Organic traffic generated through SEO is more than fives times as effective at generating sales than search ads, and Google is responsible for 94% of total organic traffic.
With that in mind, if you’re marketing to schools, or plan to promote and monetise your content, then you need to get familiar with SEO and Google Search Console – like, yesterday. But don’t panic, with a little time and patience you could be up to speed in as little as a week.
You might have an attractive website, with all the right information, lovely photos, and a perfectly adequate booking system or sales platform but if it’s not visible to teachers, you may well be better off advertising in the local newspaper (if they haven’t gone digital-only as well).
You could compensate for lack of visibility by dumping money into Google AdWords, but wouldn’t it be much better to win a spot on the first page without having to pay for it?
Optimisation implies you’re improving on something that is already performing. But would you know if your website wasn’t performing? What if, unbeknownst to you, your site has lots of duplicate content, you’ve been stuffing too many keywords into your headers, and the staging site was accidentally indexed?
Not only are you not performing optimally, but you’re not performing at all. Googlebot has crawled your website and discovered these problems, and you’re no longer sat comfortably on page two of the SERPs, but you’re slipping backwards!
We can help.
Dip your toes into search engine optimisation and test the water, then wade into the shallow end with our education-focused guide to SEO.
Don’t head to the Google search bar and jump in at the deep end; you’ll quickly find yourself overwhelmed and exhausted, treading water trying to keep your head above the deluge of blog posts and online courses.
Put on your floaties and ease into our quick guide for learning six simple tactics you can apply right now that will start making an immediate difference to your visibility, no additional software or experience necessary.
SEO is all about saving money and selling more by being visible on the SERPs - get started here.
Whatever you’re marketing to schools, be aware of your target audience’s buying power and understand where and when they plan on flexing it.
Austerity looks set to continue as we set a firm course for Brexit in 2020, which means schools’ budgets will continue to be tight.
We recently wrote an article on school budgets. In this, we established that almost all school leaders refer to their budgets when making strategic decisions affecting their schools.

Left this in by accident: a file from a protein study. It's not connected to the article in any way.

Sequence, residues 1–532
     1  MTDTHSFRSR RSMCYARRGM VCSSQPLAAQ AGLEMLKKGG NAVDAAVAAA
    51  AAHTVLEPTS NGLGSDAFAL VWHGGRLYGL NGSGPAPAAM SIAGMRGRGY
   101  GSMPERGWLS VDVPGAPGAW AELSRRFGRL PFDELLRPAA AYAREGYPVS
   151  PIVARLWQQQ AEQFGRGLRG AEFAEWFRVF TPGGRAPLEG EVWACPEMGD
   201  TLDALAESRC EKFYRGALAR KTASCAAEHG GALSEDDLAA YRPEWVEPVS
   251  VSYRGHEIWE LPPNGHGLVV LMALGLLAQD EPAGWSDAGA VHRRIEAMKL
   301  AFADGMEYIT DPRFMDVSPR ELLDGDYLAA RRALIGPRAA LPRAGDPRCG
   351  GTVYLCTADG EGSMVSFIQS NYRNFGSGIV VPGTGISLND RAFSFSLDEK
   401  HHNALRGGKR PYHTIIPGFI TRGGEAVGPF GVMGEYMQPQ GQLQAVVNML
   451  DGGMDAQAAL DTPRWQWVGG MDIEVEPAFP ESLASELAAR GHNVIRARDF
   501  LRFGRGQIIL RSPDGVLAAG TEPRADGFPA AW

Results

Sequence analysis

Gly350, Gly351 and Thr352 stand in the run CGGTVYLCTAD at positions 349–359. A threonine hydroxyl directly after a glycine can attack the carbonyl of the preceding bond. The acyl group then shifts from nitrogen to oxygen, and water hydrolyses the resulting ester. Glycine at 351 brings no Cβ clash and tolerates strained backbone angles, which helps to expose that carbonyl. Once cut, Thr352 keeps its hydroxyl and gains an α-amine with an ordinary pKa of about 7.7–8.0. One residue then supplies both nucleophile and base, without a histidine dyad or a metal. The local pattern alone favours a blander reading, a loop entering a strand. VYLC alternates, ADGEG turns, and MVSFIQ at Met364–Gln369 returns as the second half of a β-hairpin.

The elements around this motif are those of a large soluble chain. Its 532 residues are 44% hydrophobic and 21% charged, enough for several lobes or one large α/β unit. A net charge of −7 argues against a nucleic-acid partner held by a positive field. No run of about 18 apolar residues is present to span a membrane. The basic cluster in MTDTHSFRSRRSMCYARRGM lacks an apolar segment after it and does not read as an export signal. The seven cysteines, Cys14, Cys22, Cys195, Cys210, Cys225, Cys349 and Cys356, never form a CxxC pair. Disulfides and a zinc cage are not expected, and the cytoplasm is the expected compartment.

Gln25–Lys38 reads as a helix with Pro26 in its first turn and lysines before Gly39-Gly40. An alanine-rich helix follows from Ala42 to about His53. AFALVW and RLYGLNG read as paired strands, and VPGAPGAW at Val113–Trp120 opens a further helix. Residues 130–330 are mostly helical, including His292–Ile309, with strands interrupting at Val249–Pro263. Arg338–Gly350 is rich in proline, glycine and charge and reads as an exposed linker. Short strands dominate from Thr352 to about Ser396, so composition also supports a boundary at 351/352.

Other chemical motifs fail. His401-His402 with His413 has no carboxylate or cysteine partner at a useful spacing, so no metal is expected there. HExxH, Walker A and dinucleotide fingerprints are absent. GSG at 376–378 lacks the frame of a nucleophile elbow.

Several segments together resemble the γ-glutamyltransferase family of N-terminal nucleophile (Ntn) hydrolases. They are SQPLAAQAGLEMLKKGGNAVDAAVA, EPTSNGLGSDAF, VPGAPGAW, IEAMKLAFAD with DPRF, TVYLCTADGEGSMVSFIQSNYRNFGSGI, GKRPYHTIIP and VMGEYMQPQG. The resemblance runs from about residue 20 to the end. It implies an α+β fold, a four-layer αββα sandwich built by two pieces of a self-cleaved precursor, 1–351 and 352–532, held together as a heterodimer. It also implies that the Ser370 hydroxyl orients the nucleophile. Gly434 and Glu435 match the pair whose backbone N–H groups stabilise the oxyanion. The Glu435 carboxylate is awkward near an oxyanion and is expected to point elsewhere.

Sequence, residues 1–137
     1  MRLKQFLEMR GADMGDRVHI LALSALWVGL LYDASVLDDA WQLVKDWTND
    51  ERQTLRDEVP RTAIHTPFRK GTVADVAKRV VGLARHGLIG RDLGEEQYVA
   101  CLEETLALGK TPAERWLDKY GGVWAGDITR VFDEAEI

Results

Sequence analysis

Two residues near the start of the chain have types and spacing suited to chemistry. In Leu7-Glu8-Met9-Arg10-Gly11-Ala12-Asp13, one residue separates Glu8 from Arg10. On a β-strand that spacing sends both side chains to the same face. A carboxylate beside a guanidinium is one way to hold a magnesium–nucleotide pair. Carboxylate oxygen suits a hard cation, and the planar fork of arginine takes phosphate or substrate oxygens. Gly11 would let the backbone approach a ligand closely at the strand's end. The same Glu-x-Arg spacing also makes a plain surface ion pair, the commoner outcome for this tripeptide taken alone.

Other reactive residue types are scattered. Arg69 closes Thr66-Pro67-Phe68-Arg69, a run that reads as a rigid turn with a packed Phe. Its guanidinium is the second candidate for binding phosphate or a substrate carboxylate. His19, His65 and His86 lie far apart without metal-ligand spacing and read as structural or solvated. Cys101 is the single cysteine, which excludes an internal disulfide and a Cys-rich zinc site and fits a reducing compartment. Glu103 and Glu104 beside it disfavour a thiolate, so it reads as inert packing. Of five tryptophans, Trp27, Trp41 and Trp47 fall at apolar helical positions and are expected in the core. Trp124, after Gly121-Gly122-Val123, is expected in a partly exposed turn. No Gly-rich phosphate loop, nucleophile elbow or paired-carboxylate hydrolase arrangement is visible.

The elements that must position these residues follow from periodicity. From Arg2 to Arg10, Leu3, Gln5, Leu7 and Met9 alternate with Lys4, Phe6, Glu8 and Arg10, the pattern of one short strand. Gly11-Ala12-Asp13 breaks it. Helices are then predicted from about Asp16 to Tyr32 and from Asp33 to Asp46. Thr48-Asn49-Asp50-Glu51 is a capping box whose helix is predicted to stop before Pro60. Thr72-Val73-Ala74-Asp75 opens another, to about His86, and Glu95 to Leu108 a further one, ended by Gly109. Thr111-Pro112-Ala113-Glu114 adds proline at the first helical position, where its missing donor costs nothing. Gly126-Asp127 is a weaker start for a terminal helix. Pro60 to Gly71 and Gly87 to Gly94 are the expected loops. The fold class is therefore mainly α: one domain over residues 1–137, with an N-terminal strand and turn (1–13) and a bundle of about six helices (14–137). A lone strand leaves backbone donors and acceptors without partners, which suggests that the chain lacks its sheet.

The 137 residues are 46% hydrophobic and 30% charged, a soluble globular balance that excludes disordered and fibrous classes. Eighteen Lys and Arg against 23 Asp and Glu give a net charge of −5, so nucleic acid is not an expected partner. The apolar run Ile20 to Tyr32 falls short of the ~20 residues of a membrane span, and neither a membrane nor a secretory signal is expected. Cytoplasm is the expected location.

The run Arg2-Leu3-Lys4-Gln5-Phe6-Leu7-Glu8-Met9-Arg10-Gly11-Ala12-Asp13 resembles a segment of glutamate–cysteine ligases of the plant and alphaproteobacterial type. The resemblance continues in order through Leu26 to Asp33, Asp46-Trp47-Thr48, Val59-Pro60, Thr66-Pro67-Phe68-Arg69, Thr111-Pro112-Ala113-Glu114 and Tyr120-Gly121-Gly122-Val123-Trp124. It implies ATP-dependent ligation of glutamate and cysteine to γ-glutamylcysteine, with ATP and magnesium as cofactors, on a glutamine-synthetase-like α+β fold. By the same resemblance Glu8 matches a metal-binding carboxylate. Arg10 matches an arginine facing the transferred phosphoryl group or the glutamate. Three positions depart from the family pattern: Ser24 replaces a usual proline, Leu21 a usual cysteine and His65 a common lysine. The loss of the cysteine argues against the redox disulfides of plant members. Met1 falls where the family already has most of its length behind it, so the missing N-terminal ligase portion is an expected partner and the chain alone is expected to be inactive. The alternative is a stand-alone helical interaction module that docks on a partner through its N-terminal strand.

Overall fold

School leaders are most likely to make decisions that funnel money toward products and services that are an efficient use of resources while making the greatest impact on their major areas of concern.
So, what are school leaders concerned about?
Improving attainment and results, meeting the National Curriculum, and keeping their inspection board happy.
Discover where your products and services fit amongst these priorities. That will tell you whom you need to speak to, what objections you might need to overcome, and what competition you might have.
Remember, you’re not just competing against businesses offering solutions similar to your own, but against other branches of the school starved for funding.
Highlight the efficiencies your solutions create over your competitors and provide your audience with the ammunition they need to advocate for your products and services to SMTs and bursars.
Schools need to know why they should buy your products over 3D printers for the science lab or a new sheltered walkway, and you can make an equally compelling case for both of those things.
When it comes to schools, competition is everywhere.
If you entered the marketing industry anytime in the last decade, you could be forgiven for thinking long-form copy is a new trend.
The digital age radically changed how we communicate, consume, and share information.
Since the advent of social media and the prevalence of smart devices, many of these new ways of connecting have taken on a short format.
Facebook’s original status update had a 500-character limit, Twitter had a 140 character limit, Instagram was for sharing single photos, and Vine hosted six-second videos.
Once these platforms became mature hosts for advertising, the media naturally took the shape of the medium.
Because of social media’s dominant influence, we assumed that attention spans were shortening and the focus of much marketing became creating short, snackable content.
It is true that you only have a small window to grab readers’ attention, particularly busy individuals like teachers, but there is no evidence to support the hypothesis that human attention spans are shrinking. The notion that there exists a typical length of time that we can focus for is false. The amount of energy and focus we apply in any given scenario is task-dependent and individual.
While short-form content has become popular, social media applications have loosened the constraints on their platforms to accommodate longer forms of content as these boundaries are now seen less as defining features and more as limitations.